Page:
Stories about: Niemann-Pick Type C

Can rare disease genes be protective?

Carriers of the rare disease Niemann-Pick C1 may be protected against Ebola.
Carriers of the rare disease Niemann-Pick C1 may be protected against Ebola.
First of several posts to commemorate (Feb 28, 2015).

Evolution is a strange thing: sometimes it favors keeping a mutation in the gene pool, even when a double dose of it is harmful—even fatal. Why? Because a single copy of that mutation is protective in certain situations.

A classic example is the sickle-cell mutation: People carrying a single copy don’t develop sickle cell disease, but they make enough sickled red blood cells to keep the malaria parasite from getting a toe-hold. (Certain other genetic disorders affecting red blood cells have a similar effect.)

Or consider cystic fibrosis. Carriers of mutations in the CFTR gene—some 1 in 25 people of European ancestry—appear to be protected from typhoid fever, cholera and possibly tuberculosis.

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Advancing clinical trials for Niemann-Pick type C: Sweet news for cyclodextrin

Febreze-Human Zoom-Creative CommonsOlaf Bodamer, MD, PhD, is associate chief of the Division of Genetics and Genomics at Boston Children’s Hospital and is launching a multidisciplinary clinic this spring for lysosomal storage diseases—including Niemann-Pick type C, sometimes referred to as “childhood Alzheimer’s.”

Niemann-Pick disease type C (NP-C) has come a long way since its first description as an entity in the 1960s. Part of a group of rare metabolic disorders known as lysosomal storage diseases, NP-C leaves children unable to break down cholesterol and other lipid molecules. These molecules accumulate in the liver, spleen and brain, causing progressive neurologic deterioration.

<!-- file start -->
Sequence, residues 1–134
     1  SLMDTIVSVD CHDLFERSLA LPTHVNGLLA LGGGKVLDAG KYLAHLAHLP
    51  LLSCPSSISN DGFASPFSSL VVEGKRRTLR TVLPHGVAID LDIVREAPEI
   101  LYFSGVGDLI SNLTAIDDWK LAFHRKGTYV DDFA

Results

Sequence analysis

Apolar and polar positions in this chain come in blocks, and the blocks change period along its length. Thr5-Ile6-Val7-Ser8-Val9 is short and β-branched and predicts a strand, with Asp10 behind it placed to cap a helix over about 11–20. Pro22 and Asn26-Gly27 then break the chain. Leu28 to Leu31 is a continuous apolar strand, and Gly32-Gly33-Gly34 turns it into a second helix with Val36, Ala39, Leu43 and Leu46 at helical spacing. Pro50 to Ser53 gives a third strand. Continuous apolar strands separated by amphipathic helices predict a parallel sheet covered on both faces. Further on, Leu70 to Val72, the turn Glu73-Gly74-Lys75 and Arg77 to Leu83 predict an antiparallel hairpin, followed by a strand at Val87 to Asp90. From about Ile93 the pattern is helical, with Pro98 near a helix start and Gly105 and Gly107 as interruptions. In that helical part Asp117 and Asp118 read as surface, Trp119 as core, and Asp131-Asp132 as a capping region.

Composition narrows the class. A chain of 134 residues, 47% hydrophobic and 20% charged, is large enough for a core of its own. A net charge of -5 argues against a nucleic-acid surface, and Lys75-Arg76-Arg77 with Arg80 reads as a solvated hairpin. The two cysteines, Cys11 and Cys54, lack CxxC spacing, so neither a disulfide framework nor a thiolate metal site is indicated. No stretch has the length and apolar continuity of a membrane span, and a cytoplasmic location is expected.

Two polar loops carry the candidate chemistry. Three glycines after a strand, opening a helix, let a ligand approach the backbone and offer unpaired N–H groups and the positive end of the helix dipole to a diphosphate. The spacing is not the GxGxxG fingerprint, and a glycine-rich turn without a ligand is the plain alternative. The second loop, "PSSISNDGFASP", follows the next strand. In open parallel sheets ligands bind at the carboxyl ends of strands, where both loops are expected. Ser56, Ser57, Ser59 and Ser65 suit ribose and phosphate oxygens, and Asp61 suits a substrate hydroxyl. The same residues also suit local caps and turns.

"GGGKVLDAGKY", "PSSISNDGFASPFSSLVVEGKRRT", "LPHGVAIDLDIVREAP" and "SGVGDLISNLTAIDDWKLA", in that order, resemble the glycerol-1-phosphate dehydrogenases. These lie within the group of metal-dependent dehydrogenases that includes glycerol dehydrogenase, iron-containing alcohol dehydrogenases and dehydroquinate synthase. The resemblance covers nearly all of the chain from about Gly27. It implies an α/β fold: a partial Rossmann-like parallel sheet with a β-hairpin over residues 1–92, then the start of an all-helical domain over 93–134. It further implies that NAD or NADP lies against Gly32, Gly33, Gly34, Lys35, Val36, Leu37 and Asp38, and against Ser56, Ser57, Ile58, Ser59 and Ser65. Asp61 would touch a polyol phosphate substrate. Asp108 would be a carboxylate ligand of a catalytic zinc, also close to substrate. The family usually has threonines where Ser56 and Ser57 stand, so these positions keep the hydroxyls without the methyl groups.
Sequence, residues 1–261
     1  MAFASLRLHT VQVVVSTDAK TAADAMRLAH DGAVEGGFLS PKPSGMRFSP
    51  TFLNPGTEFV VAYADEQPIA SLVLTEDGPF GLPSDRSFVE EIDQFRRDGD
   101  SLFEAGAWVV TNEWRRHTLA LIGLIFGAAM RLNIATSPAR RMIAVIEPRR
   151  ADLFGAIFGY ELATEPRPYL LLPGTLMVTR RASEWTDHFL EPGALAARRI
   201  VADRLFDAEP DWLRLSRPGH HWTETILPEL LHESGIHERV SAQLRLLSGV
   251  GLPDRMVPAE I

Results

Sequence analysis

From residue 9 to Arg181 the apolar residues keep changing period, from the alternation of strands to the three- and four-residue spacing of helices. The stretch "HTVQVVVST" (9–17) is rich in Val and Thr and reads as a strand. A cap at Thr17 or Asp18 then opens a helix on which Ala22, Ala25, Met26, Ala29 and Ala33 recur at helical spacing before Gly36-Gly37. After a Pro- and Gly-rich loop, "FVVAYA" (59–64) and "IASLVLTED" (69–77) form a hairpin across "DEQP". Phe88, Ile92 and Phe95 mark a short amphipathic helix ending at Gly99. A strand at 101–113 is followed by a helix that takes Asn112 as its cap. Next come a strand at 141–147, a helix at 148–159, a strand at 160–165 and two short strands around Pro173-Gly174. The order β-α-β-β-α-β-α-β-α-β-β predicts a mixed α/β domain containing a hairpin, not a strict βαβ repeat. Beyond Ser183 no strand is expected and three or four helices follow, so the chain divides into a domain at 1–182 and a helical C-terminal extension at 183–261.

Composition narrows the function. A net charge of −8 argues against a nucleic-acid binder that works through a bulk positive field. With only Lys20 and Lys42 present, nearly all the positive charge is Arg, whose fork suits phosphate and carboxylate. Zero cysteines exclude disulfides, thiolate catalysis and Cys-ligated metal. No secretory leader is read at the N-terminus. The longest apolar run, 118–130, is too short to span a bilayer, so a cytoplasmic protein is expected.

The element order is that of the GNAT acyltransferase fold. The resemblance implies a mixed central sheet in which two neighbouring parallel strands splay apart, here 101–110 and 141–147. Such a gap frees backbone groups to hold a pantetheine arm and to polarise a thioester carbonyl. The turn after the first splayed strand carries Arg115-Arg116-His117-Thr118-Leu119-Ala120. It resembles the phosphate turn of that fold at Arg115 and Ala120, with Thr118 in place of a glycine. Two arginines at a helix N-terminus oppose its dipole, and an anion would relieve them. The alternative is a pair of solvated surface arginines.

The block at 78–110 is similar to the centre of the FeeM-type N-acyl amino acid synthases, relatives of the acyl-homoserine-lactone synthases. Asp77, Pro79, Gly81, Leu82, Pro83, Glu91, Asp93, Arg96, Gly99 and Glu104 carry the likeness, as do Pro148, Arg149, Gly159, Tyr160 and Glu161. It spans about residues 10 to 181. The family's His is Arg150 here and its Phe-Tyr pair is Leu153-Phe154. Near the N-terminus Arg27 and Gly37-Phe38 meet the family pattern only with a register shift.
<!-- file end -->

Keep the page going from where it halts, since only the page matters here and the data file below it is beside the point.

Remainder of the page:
I still vividly remember when I diagnosed my first patient with this devastating disease, a 3-year-old boy who had global developmental delay, restricted eye movement, loss of motor coordination and loss of speech. I spent hours with the family, explaining what was known about NP-C. When faced with the question about treatability and outcome, I could barely find the right words, but had to acknowledge that the outcome was inevitably fatal and that there was no specific treatment other than supportive measures to treat his symptoms.

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When n=2: A Mom’s foray into translational research

The twins' first cyclodextrin infusion bottles. Could this Febreze ingredient halt damage to their brains caused by Niemann-Pick Type C?

“Guess what just happened this afternoon?” It was late September, and Chris Hempel had just received an amazing communication from the Food and Drug Administration, and I got to be among the first to know. She’s not a doc, and not a researcher (in the usual sense), but a Mom out to save the lives and brain function of her identical twin girls. She is a force of nature powering a very small corner of translational research.

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